Here’s the deal Mr. & Ms. TV Meteorologist, they already know the numbers. Mr. & Ms. Traffic anchor, they’re getting loads of information about the roads on Twitter. Before they turn on the TV local TV news viewers know more than ever…especially during Winter Weather events.
Unlike any Winter Weather coverage ever before in the history of time, the average consumer who needs information is finding that information in the palm of the hand and from their trusted sources on social media.
With that in mind here are the Top 5 Tactics for covering Winter Weather in 2015-16:
1. Start Coverage Sooner Rather Than Later
SmithGeiger research shows local TV news viewers want an advanced warning of all severe weather. Many local TV News Mets are reluctant to talk about the potential for storms more than 2 or 3 days out. “What if it doesn’t hold together?” Guess what? Our consumers get it, (especially the young demo). They know weather changes and therefore the forecast will change as well. On all platforms, tell them about the chance for winter weather 5, 7 or even 9 days out.
2. Warm up the Social Space during Wintery Weather
Winter Weather is a terrific mechanism to trigger sampling of our weather products on all platforms. But don’t sit and wait for them to show up. It’s a before, during and after thing. Write posts that entice viewers to participate in your coverage.
The Weather Channel names winter storms to try to make them more social-friendly. While you may not want to go that far, you definitely want to play the social game. Everything from memes, to Facebook video updates to extended forecasts on Periscope, your Mets should be the busiest social people in the building during winter.
Every post or video should be shareable and interactive. If you are only going use social media as another platform to “shove information at people” in regards to Winter Weather, you will lose to your competitors. Answer their questions, get them to share, comment, and click-through to stories.
And remember, it’s got to be new information on social as well because in many cases, they already know what we know. This tweet is from a TV News Anchor last winter:
3. Show Your Digital Coverage on TV
Digital integration inside TV newscasts should be happening every day. Not reminding viewers you have a website or app, but actually showing them the value of using it. Clearly on some days it’s tough to find the right content. But before, during and after winter weather Digital Integration should be easy to do; this goes for the Mets, Traffic anchors and the main anchors.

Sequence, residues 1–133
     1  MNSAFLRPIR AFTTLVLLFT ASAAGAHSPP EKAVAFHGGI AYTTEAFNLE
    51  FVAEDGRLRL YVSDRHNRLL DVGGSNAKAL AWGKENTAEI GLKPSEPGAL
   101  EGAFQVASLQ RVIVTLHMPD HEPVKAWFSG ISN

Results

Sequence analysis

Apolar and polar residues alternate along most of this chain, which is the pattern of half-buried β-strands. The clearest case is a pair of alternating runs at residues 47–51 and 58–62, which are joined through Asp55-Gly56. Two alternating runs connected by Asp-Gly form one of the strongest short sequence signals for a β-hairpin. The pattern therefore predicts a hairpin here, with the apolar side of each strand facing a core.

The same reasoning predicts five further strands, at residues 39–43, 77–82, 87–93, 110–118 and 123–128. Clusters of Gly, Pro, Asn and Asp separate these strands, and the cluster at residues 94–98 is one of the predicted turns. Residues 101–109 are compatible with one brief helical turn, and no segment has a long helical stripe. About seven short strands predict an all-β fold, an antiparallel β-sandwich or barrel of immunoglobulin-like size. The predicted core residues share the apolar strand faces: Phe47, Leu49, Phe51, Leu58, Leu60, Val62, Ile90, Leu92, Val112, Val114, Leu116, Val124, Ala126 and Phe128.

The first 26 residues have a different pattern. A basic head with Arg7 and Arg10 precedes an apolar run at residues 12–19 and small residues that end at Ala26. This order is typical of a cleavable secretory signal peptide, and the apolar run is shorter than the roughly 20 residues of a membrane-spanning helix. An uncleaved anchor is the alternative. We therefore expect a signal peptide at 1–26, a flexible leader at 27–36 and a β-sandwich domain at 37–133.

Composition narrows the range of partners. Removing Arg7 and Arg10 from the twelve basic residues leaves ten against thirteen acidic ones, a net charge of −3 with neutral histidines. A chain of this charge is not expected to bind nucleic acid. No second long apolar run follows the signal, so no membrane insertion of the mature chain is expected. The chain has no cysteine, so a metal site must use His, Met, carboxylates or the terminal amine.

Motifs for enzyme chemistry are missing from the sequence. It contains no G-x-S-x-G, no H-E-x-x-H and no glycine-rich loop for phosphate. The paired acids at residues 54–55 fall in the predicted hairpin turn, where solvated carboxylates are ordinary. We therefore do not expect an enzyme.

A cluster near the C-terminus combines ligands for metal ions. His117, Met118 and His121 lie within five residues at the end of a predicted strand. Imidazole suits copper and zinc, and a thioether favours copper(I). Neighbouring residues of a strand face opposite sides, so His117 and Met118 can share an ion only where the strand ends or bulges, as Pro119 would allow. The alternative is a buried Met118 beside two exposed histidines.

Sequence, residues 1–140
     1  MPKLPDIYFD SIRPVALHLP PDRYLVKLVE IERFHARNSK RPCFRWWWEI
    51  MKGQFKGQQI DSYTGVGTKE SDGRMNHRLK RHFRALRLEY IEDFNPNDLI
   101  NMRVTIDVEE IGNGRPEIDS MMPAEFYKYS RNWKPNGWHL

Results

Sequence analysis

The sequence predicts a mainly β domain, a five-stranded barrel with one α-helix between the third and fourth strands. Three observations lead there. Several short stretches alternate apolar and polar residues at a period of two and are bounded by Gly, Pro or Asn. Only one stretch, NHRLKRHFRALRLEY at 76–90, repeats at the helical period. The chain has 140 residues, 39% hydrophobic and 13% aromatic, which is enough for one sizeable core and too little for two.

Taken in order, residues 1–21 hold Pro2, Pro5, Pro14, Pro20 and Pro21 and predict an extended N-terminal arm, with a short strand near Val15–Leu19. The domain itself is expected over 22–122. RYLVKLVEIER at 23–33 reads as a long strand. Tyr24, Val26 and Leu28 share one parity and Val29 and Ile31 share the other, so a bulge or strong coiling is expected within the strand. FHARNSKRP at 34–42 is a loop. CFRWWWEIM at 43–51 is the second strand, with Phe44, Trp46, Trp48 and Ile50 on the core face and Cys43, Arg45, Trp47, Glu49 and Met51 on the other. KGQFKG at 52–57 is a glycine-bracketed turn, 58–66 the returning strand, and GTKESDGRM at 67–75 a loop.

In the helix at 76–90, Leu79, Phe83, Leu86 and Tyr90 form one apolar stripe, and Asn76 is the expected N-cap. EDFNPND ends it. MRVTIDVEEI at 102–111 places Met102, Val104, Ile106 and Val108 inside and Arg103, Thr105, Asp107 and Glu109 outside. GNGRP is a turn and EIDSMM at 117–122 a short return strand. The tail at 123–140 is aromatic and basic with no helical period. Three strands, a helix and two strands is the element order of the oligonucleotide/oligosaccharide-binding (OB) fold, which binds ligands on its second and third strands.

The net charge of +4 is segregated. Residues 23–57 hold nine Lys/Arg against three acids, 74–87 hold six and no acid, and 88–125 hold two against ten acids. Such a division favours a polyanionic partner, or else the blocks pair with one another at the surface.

Your SmithGeiger consultant should be able to show you some great examples of how local TV stations are producing Digital Integration inside their newscasts on a daily basis. It’s especially important for the younger demo who may be sampling during winter weather to see us using digital platforms during newscasts because they won’t feel like they are watching their father’s TV News.
4. Be Less Number-Driven on TV
Did I mention they already know the numbers when they tune in to watch TV News? Mets need to be better storytellers all the time but especially during times of sampling from viewers who may or may not watch often.
Yes we have to give the current temps and wind chills (feels like) numbers during Winter Weather. Your Mets should quickly go beyond the numbers to get to information they couldn’t get on an app. Dive into the context of the story; when to leave the house, what to wear, where to expect the slick spots, etc.
Before the winter weather hits, now is a good time to do a time audit with your Mets and Traffic Anchors. How much time are they spending with the numbers and how much with the context or impact?
5. Covet the Best Video/Pictures of the Storm
The news entity with the best pictures wins Winter Weather coverage. Sure you can’t blow the forecast or forget to write impactful stories. But once the flakes fly and ice coats the streets, it because a battle to get the best video.
We used to own the best pictures of the Winter Weather. We have cameras on towers, cameras with Live Crews and cameras inside cars roving the street (love the Live Drive). But guess what? We don’t always have the best pictures anymore.
Asking viewers to send in pictures/video is a good 2008 idea. We should still do it but we’ve got to go further. Talk to those viewers via Skype on all platforms (you send me a picture; I call you back to see if you can do Live TV, or Live Digital Coverage). Tell those school superintendents to use their phones to shoot a picture when they wake up at 0-dark-thirty to close or delay school.
Who’s scouring YouTube, Instagram, Facebook, etc.? Some of the best pictures of the storm are being seen by local TV viewers…but not on TV!
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